EspañolSince the days of classical antiquity, we have known that “those who forget their history are doomed to repeat it,” as Marcus Tullius Cicero said. Nicolás Avellaneda, president of Argentina in the 19th century, repeated this phrase when his country found itself plunged into a deep economic and political crisis.
It is worth remembering that when his government became overwhelmed by its fiscal deficit and the country was forced to pay its large public debt, Avellaneda made the decision to drastically reduce public spending. When confronting the public with his plan of action, he said:
There are millions of Argentineans who would economize even to their hunger and thirst to fulfill the promises of our public commitments in foreign markets.
The honest attitude of Avellaneda and his people greatly contributed to Argentina’s rise, quickly becoming a country with one of the largest economies per capita in the world, on par with Britain, Germany, and France.
Unfortunately for Argentineans, within the first few decades of the 20th century, their rulers gradually changed their attitudes. This shift was hardly innocuous and caused repercussions for the general population, as evidenced by the persistent decline of Argentina’s standard of living.
We are currently witnessing a new episode of this national drama through Cristina Kirchner’s attitude toward the country’s most recent default. After listening to her statements and those of other high-ranking members of the administration, one cannot help but recall the words of Hegel: “History always repeats itself, first as tragedy, then as farce.”
The words of Cicero also come to mind when one considers the situation in Chile under Michelle Bachelet’s second term as president.
At one time, the Latin-American nation came close to knocking on the gates of hell. The process began in the 20th century with the populist politics brought forth by various administrations, especially those with socialist inclinations.
These policies produced spiraling inflation so drastic that between 1950 and 1975 the price level rose by 11,318,874 percent. Chile achieved the unenviable status of the global champion of currency destruction. Needless to say, this caused a significant decline in the quality of life of Chileans, especially in the poorest communities.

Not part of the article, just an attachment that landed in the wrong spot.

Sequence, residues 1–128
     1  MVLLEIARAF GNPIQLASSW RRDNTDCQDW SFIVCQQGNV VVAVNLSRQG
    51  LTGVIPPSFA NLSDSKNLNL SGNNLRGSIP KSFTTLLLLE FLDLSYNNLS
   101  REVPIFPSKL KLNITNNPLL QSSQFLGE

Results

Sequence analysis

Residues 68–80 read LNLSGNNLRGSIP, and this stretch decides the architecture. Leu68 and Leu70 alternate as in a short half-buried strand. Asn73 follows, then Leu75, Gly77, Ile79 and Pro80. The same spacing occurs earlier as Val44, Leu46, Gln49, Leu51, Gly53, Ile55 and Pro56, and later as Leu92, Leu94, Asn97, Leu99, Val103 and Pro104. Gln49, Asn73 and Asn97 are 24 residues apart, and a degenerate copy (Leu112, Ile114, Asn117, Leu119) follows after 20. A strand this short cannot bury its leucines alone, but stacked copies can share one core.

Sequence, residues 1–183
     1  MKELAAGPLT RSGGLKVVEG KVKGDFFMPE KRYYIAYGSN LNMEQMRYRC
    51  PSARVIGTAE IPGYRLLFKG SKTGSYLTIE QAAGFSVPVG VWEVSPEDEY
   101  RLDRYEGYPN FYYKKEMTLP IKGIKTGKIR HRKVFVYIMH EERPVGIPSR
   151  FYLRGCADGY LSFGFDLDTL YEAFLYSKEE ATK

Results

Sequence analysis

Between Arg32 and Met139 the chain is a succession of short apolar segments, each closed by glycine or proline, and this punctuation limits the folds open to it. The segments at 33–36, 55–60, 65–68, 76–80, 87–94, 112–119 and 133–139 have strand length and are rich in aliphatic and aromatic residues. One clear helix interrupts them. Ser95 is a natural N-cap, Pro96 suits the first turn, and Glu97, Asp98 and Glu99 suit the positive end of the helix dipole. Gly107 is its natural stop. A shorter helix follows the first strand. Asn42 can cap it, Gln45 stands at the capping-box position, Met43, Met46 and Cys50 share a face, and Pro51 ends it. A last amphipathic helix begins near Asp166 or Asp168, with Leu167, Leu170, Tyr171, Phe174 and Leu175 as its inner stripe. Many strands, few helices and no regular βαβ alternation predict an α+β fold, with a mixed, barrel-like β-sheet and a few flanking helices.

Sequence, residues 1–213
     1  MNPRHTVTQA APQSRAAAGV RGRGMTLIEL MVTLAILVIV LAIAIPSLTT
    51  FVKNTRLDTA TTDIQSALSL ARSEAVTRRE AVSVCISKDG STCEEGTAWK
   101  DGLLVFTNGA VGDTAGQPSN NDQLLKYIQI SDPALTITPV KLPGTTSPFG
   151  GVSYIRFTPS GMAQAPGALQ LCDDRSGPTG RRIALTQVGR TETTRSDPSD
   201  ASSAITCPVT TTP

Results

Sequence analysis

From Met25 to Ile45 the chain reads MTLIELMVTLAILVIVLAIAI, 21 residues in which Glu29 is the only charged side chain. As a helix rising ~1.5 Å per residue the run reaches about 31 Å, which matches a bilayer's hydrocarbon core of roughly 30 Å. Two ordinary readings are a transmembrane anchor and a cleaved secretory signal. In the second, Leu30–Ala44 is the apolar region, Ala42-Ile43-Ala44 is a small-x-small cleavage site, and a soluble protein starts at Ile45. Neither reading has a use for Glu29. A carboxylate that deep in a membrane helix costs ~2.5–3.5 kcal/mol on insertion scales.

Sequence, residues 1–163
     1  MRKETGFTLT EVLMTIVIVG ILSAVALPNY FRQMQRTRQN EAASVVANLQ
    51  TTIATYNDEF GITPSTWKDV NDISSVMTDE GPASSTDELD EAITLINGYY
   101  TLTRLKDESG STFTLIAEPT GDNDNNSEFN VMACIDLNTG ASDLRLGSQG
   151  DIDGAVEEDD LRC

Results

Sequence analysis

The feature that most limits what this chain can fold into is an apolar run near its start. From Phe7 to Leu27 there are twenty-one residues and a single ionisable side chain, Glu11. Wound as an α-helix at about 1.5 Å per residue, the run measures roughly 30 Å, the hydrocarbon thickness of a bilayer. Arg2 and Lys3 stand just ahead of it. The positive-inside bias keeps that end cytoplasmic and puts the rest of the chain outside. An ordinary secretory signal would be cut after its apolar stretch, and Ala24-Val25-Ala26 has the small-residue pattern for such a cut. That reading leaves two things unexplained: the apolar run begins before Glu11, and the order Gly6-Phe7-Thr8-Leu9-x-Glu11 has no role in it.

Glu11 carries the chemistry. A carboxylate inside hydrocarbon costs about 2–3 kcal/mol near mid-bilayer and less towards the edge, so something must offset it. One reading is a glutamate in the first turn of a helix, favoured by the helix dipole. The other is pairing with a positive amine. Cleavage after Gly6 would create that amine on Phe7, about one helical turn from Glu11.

Augusto Pinochet’s subsequent dictatorship was the only logical outcome of this situation. The autocracy came from the Chilean conservatives just as easily as it could have come from the progressive left, because as Friedrich Hayek explains in The Road to Serfdom, statist policies necessarily lead in this direction.
For many years, Chileans suffered through the aftereffects of the dictatorship, but skillfully managed to recover their democracy peacefully. For Latin Americans who had gone through a similar process in their own countries, what was most striking about the situation in Chile was how its socialist politicians responded to criticism and realized their faults.
They recognized the mistakes of the past and were determined not the make them again. They understood that it was civil society, and not the state, that produces wealth. Consequently, it became clear that the best way to reduce poverty is by creating a foundation for entrepreneurship that thrives without legal obstacles.
They realized that entrepreneurs are the true national heroes, who carry the rest of the public on their backs. This was the only way out of underdevelopment and toward a path of sustainable progress over time, for the benefit of all Chilean society.
With this goal in mind, the Coalition of Parties for Democracy expertly guided the country toward this destination, making Chile a role model for the rest of South America. This path, its economic success, and social progress continued under the more conservative, business-oriented administration of Sebastián Piñera.
Inexplicably, however, in her run for a second term as president, Michelle Bachelet has apparently changed course. To start with, she has allied herself with Communist Party representatives, something the coalition had avoided doing. This alone shows a radical change in policy relative to business, and the respective roles that the state and civil society should have in this regard.
Suspicions were then confirmed when, after taking office, Bachelet sent Parliament a tax reform bill, to raise corporate taxes. The stated goal was to raise revenues by 3 percent of GDP, which translates to nearly US$8.2 billion a year.
After learning the details of the tax proposal, Renato Peñafiel, CEO of Grupo Security, said: “As a businessman, I think a significant tax increase could dampen investments and employment. Increasing taxes does not provide an incentive to invest; that is a fallacy.”
Despite this and other similar warnings, Bachelet continued unfazed with her statist, populist objectives and the bill was signed into law.
The consequences were immediate. Recently, the Central Bank reported Chile’s economic activity in June rose just 0.8 percent over the same month a year ago. Preliminary results show declines in manufacturing, wholesale, and car sales.
It is the lowest reading since March 2010, when annual growth was down to just 0.2 percent. At the time, the economy was still feeling the effects of the earthquake and tsunami that damaged the central and southern areas of the country.
The current record lows may be hinting towards the coming economic, social, and political tsunami, if the Bachelet administration does not change its course.
Previous governments were able to claim ignorance of the potentially disastrous effects of their actions. Today, that is no longer the case, and there is nothing to absolve the current authorities of their responsibilities.